Once in a lifetime, you come across an antique textile that is so unique and rare that it must be possessed. That is truly the case with this unusual item of dress intended for the military raiment of a Daimyo Lord or the most important of the clan’s Samurai. There are numerous books on the ancient costumes of the military elite of Japan, but in none of them have I come across an explanation for this triangular scarf-like textile. It shows its wear through the sweat marks on (what appears to be the area) where it would be attached to the uniform…my best educated guess would be as the neck piece attached to the helmet at the back of the head; meant as identification by the clan for the battlefield. By the early Edo Era (1617-1867), Mon or family crests were basically an established fact; utilized not only by allies on the battlefield, but also by the wearer himself to ensure recognition of his noble lineage. In none of the historical materials could I find a photo or description of a fabric placed on the back of the neck; perhaps because my study does not usually include military regalia, or perhaps because it predates the Edo Era when battlefield identification was in its infancy. Reinforcing the ancient quality of this dramatic textile art are the Glass Eyes of the dragon. They are unusual and very rare and date the piece to the early Edo Era.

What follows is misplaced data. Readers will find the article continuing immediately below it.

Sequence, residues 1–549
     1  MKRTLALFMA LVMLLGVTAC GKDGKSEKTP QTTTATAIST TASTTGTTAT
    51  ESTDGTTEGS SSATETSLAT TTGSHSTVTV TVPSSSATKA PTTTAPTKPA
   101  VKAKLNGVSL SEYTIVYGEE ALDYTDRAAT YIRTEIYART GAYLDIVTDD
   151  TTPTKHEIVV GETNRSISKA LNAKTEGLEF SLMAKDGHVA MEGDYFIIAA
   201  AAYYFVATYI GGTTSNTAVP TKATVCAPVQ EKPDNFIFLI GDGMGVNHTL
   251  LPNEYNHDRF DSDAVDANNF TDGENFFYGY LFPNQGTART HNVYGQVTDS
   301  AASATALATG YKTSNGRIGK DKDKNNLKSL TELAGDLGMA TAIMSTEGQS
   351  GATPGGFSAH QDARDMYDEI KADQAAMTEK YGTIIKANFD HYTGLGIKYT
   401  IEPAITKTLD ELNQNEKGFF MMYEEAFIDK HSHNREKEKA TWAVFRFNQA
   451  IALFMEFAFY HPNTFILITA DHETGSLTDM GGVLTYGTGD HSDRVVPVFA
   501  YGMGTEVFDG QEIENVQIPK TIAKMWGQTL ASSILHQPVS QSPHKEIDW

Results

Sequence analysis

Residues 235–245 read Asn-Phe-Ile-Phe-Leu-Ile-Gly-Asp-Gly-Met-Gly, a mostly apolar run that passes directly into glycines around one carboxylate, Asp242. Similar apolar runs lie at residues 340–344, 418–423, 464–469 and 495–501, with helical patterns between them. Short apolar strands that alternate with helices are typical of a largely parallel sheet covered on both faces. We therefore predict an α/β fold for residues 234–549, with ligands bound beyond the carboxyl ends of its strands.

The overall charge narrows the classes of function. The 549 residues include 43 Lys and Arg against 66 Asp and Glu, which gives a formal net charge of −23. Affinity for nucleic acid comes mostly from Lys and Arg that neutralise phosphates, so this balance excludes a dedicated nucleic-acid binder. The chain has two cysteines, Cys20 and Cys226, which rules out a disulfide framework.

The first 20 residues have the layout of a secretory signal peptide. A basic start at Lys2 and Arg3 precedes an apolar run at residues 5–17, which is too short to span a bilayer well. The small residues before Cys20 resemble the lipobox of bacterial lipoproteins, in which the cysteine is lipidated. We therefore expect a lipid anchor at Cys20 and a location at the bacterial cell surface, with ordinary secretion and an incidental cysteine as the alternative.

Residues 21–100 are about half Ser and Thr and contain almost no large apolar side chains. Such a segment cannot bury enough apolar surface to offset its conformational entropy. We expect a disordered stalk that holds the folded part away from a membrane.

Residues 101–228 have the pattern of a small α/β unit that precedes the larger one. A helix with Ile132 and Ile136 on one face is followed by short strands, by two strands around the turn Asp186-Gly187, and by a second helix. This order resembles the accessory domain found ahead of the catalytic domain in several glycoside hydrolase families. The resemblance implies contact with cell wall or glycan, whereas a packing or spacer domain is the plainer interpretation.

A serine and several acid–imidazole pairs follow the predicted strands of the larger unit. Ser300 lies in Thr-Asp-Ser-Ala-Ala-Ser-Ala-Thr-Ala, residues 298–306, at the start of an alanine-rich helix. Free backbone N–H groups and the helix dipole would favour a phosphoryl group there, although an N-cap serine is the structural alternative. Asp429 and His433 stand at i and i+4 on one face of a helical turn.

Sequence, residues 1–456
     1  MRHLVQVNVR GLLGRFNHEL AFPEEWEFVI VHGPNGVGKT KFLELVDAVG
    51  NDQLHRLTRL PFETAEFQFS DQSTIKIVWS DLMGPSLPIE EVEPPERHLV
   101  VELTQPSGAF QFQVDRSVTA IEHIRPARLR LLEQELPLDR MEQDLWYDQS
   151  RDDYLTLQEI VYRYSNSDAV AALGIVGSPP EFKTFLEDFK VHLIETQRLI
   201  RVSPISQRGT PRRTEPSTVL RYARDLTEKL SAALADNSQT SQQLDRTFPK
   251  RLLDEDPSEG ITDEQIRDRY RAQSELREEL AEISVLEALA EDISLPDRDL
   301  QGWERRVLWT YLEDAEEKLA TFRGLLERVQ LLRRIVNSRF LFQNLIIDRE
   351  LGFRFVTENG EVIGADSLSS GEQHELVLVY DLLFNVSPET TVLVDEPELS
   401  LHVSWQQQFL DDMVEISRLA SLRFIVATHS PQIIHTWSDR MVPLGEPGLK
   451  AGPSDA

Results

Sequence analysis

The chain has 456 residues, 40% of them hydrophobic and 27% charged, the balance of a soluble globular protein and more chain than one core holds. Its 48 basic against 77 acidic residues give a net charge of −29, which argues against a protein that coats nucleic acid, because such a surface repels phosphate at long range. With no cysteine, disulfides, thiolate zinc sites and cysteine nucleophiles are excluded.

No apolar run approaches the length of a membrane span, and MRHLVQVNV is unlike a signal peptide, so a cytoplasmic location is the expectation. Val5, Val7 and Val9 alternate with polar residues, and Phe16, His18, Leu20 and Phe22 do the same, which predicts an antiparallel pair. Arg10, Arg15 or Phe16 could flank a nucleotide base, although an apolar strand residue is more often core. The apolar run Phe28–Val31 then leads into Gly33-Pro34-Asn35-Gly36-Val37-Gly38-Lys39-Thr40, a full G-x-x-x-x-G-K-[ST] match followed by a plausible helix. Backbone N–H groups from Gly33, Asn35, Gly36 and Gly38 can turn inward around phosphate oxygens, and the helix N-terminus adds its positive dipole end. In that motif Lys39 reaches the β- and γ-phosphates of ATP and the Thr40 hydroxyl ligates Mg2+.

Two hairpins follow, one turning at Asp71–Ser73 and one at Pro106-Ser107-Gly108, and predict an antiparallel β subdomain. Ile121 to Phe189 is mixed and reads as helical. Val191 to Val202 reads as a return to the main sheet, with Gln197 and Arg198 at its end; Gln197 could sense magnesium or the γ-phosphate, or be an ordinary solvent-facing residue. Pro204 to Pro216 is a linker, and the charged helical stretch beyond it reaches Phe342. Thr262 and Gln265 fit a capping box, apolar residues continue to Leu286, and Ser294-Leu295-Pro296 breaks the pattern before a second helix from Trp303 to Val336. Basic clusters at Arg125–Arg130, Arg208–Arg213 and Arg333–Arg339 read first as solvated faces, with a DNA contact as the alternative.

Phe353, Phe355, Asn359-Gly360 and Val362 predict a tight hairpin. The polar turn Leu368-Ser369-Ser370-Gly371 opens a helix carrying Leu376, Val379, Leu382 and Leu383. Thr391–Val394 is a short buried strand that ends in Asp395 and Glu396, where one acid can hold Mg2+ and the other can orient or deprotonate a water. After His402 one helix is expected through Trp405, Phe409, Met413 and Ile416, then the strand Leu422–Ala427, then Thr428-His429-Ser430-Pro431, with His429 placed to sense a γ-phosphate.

The dragon (Ryu) on its field of red felt (Sen) is found frolicking among the swirling clouds represented by the felted black insets and tiny, hand stitched white beads. The black cloud swirls have been further enhanced with the addition of cords of black thread laid on top and surrounding the cloud (Kumo) swirls (some of these threads have come loose). The dragon is magnificent! His head, body and tail are made of precious metals whose threads have been created by hand. These were accomplished by painting a layer of liquid gold, platinum or silver on thin handmade rice paper and then wrapping it around several strands of silk. Because of its delicacy, it could not be sewn into the fabric; but was, instead, laid on top of the garment and then hand stitched or “couched” to it. The image of the flying dragon is one of the most historically powerful images in Japan. Rather than inspiring terror, however, dragons were often thought of as benevolent…carrying the sins of the earth away with him as he flew to the heavens.